The boisterous music - usually heard at family celebrations and raucous birthdays - bursts through the eerily quiet streets of Colombia's capital, Bogota.
A daily technical report recorded a total of 40,400 deaths from the virus, after adding 915 more fatalities in the last 24 hours. The first case in Mexico was detected on February 28.
Pablo Fustec, a dual citizen of France and Mexico, died this month after jumping into a scalding hot spring in a failed attempt to rescue Sasha, one of his dogs. He had adopted the black and white Great Dane after finding it in a Mexico City street following an earthquake that killed several hundred people in the country in September 2017.
Seismic alarms sounded midmorning with enough warning for residents to exit buildings. Power was knocked out to some areas.
Mexico’s government plans to keep a lid on spending while offering some support for hospitals, pensioners and infrastructure in a lean 2021 budget that forecasts only partial recovery for an economy hammered by the COVID-19 pandemic.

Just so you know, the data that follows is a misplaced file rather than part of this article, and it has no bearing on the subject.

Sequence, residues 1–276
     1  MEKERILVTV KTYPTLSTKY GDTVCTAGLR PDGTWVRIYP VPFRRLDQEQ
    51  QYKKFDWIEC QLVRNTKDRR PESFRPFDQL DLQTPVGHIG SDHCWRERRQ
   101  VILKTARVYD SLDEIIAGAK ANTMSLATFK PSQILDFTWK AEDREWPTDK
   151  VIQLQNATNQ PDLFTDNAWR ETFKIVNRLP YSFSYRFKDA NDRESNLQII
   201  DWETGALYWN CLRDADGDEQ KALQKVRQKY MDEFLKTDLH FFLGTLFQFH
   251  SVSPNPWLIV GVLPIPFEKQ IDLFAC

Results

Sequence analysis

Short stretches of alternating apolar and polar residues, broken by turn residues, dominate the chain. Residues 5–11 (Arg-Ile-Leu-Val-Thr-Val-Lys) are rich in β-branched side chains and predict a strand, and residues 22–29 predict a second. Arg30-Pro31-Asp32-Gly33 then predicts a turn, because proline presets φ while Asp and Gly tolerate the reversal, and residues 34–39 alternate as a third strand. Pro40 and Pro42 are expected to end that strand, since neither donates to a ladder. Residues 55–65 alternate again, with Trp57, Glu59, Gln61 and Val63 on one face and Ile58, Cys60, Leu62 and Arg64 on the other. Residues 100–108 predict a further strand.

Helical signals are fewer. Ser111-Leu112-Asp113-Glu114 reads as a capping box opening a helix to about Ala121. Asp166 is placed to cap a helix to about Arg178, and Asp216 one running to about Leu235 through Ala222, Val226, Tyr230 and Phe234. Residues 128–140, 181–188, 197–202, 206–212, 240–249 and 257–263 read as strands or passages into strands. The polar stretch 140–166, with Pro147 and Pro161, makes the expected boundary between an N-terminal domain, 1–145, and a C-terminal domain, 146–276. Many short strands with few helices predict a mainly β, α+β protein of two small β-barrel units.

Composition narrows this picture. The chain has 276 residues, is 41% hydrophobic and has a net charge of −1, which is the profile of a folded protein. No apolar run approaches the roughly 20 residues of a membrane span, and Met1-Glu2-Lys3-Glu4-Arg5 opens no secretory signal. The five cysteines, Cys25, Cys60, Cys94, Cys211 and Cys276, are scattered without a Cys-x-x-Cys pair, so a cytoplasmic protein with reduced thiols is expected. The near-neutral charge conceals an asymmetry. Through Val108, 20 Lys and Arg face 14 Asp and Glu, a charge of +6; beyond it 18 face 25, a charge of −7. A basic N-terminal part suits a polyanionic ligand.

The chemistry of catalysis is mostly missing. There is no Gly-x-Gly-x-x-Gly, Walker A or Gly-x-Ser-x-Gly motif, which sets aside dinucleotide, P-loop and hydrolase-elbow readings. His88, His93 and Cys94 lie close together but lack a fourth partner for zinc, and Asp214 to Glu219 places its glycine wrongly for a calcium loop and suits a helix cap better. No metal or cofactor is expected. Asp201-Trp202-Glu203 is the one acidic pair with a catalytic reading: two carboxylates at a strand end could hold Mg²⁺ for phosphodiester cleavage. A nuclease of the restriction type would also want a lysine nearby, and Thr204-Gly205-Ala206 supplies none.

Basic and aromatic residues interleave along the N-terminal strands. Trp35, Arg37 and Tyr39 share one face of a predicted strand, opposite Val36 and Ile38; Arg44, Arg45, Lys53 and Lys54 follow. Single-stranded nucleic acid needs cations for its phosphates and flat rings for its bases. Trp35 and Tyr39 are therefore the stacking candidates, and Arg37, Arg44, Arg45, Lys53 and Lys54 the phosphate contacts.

"How dark! No! How ugly!" a Mexican social media star exclaimed after accidentally using a filter that darkened her face during a live broadcast on Instagram, reigniting the country's longstanding debate about racism.
A disconsolate mother dressed in white wanders through Mexico City's floating gardens looking for her children killed by the coronavirus, in a pandemic-era adaptation of a legend rooted in Aztec mythology.
It is one of the star attractions of Vienna's Weltmuseum, a resplendent ancient Aztec headdress of iridescent blue-green feathers almost two metres (six feet) wide with a centrepiece sporting hundreds of pieces of gold.